Workplace dispute resoltion procedures in Australia
thesisposted on 2022-03-28, 01:58 authored by Jonathan Marc Hamberger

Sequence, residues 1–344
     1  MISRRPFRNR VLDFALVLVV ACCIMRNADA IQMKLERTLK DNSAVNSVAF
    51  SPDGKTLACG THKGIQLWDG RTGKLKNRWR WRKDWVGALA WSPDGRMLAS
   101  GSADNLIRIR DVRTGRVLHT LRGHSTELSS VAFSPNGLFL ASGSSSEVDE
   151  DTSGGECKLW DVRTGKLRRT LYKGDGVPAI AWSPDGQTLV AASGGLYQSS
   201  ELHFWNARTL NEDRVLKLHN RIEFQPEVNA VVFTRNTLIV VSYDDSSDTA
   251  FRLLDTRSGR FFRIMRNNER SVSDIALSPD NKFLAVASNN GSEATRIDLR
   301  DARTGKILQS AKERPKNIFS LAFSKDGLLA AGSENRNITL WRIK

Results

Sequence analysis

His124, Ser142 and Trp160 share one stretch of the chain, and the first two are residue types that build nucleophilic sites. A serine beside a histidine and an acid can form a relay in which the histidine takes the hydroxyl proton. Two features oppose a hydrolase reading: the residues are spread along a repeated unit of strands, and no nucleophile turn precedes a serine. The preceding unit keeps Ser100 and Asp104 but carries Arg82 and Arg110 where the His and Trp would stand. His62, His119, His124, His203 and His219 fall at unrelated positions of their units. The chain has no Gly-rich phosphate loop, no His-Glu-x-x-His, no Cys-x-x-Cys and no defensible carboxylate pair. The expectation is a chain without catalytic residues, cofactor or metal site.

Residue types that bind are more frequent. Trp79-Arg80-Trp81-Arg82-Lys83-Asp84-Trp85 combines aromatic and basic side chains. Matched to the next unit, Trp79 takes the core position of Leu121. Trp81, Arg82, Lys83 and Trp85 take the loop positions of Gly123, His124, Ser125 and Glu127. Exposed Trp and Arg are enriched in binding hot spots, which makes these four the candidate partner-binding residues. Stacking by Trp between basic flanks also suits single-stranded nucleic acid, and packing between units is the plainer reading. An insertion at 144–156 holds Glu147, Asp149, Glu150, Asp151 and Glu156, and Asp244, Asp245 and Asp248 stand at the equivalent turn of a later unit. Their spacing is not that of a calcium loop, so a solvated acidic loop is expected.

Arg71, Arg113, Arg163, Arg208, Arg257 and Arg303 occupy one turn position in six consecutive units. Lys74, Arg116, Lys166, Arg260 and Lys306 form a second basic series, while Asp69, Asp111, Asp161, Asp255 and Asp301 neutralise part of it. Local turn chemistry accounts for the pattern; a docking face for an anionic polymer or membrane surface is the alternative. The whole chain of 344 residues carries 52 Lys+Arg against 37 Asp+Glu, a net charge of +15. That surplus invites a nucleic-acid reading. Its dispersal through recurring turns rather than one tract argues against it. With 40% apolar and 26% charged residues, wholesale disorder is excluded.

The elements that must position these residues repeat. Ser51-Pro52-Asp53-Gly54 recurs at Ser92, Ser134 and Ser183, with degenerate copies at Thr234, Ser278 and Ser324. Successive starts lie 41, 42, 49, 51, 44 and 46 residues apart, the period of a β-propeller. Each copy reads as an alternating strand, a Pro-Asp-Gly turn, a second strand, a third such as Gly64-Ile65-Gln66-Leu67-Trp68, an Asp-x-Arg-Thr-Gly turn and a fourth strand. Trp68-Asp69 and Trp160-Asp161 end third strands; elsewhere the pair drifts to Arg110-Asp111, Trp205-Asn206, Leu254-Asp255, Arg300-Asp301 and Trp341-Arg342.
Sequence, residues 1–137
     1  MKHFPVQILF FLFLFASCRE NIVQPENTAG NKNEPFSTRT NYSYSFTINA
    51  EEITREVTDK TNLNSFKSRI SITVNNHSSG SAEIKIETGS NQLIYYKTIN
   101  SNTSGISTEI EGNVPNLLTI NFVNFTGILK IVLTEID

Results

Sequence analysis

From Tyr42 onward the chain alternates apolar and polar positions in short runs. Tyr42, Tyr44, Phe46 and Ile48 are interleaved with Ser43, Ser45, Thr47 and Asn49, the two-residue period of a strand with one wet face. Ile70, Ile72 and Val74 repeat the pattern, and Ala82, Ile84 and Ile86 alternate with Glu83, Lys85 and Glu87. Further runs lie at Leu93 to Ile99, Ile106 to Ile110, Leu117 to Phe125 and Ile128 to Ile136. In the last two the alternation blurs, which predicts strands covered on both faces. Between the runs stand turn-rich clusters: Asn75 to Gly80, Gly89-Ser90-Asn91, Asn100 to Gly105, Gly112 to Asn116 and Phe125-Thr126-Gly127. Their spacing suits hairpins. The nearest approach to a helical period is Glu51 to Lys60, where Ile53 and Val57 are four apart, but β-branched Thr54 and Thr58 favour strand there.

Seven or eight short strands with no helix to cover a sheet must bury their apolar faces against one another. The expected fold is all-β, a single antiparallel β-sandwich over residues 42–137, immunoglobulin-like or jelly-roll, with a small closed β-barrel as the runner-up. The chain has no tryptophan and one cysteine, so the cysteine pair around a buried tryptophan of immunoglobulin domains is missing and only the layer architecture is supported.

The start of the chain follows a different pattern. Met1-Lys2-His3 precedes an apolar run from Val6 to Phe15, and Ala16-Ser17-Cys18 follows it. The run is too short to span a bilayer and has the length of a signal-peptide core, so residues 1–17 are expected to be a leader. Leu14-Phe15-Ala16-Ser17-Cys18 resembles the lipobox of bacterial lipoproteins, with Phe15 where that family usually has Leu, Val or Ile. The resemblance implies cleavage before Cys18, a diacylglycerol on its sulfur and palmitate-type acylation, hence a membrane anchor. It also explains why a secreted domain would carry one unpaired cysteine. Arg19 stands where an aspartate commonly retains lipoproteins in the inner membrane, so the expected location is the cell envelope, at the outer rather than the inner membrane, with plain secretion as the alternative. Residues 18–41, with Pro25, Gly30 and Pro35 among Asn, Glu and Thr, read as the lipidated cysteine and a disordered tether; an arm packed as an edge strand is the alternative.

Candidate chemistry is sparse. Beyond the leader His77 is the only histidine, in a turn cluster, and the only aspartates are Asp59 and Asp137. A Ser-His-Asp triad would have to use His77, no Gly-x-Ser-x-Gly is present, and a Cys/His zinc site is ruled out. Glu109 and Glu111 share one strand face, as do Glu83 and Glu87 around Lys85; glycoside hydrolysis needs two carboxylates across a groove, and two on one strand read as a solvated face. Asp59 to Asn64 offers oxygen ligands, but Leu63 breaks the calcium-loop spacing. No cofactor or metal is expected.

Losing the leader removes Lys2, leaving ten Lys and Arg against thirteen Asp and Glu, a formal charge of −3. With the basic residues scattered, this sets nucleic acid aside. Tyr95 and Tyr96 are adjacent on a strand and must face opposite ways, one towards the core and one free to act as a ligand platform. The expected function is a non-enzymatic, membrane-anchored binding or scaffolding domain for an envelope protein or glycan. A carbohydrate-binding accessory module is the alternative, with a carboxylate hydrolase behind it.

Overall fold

This thesis examines the resolution of workplace disputes through the use of formal dispute and grievance resolution mechanisms in Australia, including the evolving legal and policy framework. A series of research questions are posed, including whether legally mandated dispute settlement procedures are used effectively, and why organisations have developed their own internal grievance procedures. Previous research on both union and non union dispute resolution procedures is considered, especially from the United States and the United Kingdom, together with relevant developments in both these countries. Relevant findings from related areas of study such as organisational justice and high performance work systems are also discussed. The legislation in Australia governing workplace dispute resolution is analysed, including how this legislation has evolved since the 1990s, reflecting a shift from a highly centralised system based on compulsory conciliation and arbitration to one where the focus is on the enterprise. The relevant recommendations of the Hancock and Niland reports are examined. The current system under the Fair Work Act 2009 is considered, including the role of the Fair Work Commission. Trends in the number of dispute applications to the Commission, the nature of dispute settling procedures in enterprise agreements, the identity of parties filing disputes with the Commission and the way in which disputes are dealt with by the Commission are all analysed, using a range of data sources. This leads into a broader consideration of the approach taken by different organisations to the general issue of workplace conflict management, drawing in particular on an analysis of seven case studies of large organisations in the public, private and not-for-profit sectors. A typology of different approaches to workplace conflict management is developed. A model is then developed to explain the factors that lead to the adoption of different approaches, and the consequences that flow from each approach. The thesis concludes with a discussion of the implications of the research for management, unions, the Fair Work Commission, policy makers and researchers.